We have held a videoconference today on our response to the extraordinary human and economic crisis caused by the Coronavirus. Finance ministers are often posed very hard choices, but seldom are they matters of life and death. On behalf of all the ministers attending, let me start by expressing my deepest sympathy with the citizens and the Member States hit by this crisis, and a deep-felt gratitude for all those risking they health to save lives.
We will protect our citizens and our currency. Come what may and with everything we have got. Our commitment to provide support in this time of need is unlimited.
We will do whatever it takes and more, to restore confidence and support a rapid recovery. Whatever further coordinated and decisive policy is needed, we stand ready to take it. This includes fiscal measures to support growth and employment. We are working on the necessary measures needed to help the economy rebound.
Today we have put together a first set of national and European measures while setting a framework for further actions to respond to a rapidly evolving crisis.
The total fiscal support to the economy will be very significant. In addition to our powerful automatic stabilisers, the combined fiscal measures at national and European levels amount to about 1% of GDP on average and the combined liquidity measures to around 10% of GDP. Liquidity measures are mostly comprised of public guarantee schemes and deferred tax payments.
Let me go into more detail now on the measures taken.
First, member states are taking strong action to support healthcare systems and to contain the virus. They will also provide liquidity support to firms and support affected workers. Measures are tailored to the needs and circumstances of each individual member state.
Second, coordinated efforts at the European level will complement national measures.
We welcomed the Corona investment initiative worth of 37 billion euros, which will support healthcare systems, SME’s and the labour market. Another 28 billion euros of structural funds will be made fully eligible for these expenditures.
We welcome the initiative of the Commission and the EIB Group to mobilise €8 billion of working capital lending, backed by the EU budget, by enhancing programmes for guaranteeing bank credits to SMEs. We also welcome the ongoing efforts to increase this amount to up to 20 bn.
We also welcomed the package of monetary policy measures taken by the ECB last week aimed at supporting liquidity and funding conditions for households, businesses and banks. It will help the smooth provision of credit to the real economy: And - importantly - it will avoid fragmentation of euro area financial markets to preserve a full transmission of monetary policy.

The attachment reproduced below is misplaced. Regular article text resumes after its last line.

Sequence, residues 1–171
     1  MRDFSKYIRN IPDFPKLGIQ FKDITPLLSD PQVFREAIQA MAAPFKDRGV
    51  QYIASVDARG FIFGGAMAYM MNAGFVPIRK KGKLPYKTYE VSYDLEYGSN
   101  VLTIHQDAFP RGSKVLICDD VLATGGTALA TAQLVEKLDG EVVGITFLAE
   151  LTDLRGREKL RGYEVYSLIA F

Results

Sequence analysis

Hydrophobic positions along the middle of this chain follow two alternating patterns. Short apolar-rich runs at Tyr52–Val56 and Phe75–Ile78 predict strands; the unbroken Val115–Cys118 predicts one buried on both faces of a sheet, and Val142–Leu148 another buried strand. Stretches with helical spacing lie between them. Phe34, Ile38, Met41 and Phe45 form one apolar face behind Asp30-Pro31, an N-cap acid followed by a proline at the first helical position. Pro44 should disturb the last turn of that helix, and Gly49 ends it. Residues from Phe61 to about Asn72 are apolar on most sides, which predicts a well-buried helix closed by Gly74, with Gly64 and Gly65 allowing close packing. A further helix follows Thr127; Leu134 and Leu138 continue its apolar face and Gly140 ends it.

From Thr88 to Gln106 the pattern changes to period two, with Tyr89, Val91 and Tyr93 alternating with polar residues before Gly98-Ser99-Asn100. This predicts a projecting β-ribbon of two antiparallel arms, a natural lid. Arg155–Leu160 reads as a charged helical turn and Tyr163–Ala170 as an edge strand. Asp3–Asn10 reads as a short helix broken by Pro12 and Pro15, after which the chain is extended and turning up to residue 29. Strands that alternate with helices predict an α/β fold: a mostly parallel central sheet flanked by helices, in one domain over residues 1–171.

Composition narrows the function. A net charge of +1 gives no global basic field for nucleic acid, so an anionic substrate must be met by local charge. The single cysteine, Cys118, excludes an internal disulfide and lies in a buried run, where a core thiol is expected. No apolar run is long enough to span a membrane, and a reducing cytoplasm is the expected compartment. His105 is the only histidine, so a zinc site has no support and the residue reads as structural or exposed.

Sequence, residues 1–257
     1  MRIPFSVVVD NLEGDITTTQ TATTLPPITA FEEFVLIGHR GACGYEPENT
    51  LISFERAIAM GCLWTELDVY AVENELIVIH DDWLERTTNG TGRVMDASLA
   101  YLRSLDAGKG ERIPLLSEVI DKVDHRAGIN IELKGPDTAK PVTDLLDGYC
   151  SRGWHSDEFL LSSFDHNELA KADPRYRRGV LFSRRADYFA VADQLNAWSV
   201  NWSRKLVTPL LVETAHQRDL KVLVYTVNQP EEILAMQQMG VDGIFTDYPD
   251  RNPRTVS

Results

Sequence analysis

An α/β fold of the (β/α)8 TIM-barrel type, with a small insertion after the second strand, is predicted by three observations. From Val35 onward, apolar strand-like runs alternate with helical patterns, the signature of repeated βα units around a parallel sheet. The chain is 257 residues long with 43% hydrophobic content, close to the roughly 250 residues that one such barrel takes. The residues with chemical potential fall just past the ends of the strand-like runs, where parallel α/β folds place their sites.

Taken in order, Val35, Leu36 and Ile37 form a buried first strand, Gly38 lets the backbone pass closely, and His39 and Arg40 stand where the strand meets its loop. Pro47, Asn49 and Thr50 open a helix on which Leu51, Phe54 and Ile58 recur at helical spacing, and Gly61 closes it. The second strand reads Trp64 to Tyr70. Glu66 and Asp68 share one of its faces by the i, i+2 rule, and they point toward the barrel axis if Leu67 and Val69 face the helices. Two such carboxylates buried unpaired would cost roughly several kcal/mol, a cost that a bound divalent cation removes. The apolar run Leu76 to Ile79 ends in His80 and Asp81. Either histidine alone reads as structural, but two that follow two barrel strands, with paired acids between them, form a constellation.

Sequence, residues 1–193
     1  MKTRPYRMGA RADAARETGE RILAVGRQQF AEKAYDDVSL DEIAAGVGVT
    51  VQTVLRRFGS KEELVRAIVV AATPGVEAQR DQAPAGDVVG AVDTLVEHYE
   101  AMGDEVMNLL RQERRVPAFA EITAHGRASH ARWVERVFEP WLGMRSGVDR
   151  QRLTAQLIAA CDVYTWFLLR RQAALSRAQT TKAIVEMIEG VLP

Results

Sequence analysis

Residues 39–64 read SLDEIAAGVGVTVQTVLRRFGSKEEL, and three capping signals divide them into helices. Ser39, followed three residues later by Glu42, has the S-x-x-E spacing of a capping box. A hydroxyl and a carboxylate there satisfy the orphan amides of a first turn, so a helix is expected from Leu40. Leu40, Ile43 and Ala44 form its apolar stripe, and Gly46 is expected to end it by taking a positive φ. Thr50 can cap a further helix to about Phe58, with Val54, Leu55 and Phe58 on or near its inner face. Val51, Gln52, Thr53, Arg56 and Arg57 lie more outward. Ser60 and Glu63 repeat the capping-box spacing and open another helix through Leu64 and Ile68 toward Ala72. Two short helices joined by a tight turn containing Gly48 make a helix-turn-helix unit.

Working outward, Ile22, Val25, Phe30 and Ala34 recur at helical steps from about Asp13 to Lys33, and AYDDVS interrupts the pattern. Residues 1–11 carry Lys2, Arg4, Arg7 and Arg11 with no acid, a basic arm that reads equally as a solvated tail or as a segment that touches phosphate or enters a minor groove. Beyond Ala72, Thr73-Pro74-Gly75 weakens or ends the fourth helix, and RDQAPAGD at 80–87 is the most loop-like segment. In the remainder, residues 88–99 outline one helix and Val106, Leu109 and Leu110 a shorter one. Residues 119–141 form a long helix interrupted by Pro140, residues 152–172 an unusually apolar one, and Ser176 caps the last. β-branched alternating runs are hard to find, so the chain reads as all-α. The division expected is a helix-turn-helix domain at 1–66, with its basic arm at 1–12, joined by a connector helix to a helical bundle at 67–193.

A few words on flexibility. Rules and regulation will support the fight against this disease and the economic fallout
We emphasised today that the Stability and Growth Pact has all the flexibility needed to cater for this situation. And we will use it so that we can take the far-reaching measures needed to fight this crisis.
We welcomed the Commission guidance on the scope for supporting firms that is available within state aid rules. The Commission will approve additional measures needed to remedy this serious disturbance in the economy, which is already the case for Italy and increasingly across the EU.
The banking system has a key role in preventing this health emergency from morphing into a social and economic crisis for our citizens. We welcomed the statement by the European Banking Authority to make full use, where appropriate, of the available flexibility to support the banking sector. In particular, we also welcomed the decisions taken by ECB Banking Supervision providing temporary capital and operational relief to euro area banks.
All the resources available at EU level must be mobilised to fight this crisis.
All institutions will participate in our collective effort to defeat this virus. In this context, I have also asked the Commission and the ESM to explore ways, within their mandates, to address the challenges posed by the coronavirus.
Let me close this topic by stressing that this is a first step and the Eurogroup will continue to follow the situation very closely and stand ready to act swiftly. We have agreed to follow-up with regular calls, at least once a week. We will continue to act swiftly and decisively to developments as they unfold.
Today ministers also agreed to very briefly review a few other pending issues in our agenda, namely ESM treaty reform and enhanced surveillance in Greece.
On the Treaty, back in December we reached an agreement - in principle - on all elements related to the ESM reform, but a left a few legal issues to be clarified.
Work done by our deputies clears up our remaining open issues. I am confident that we will be able to close this big chapter shortly. Also on the so-called Amending Agreement to the IGA. Our focus is now fully on the corona virus and we will thus politically finalise the treaty reform at a more appropriate time.
A final word on Greece, we shortly discussed the fifth enhanced surveillance report today. We welcomed the good progress with reform implementation. Greece has been able to outperform its fiscal targets for the fifth year in a row, reaching a primary surplus of 4% in 2019. We all agree that of course Greece will also be able to make full use of the flexibility with the fiscal rules to deal with the consequences of the corona virus.
Let me close this press conference by wishing everyone well. These are extraordinary times in which we must support each other wherever we can. Especially to the people and families affected by this disease I wish you all the strength needed to get through this.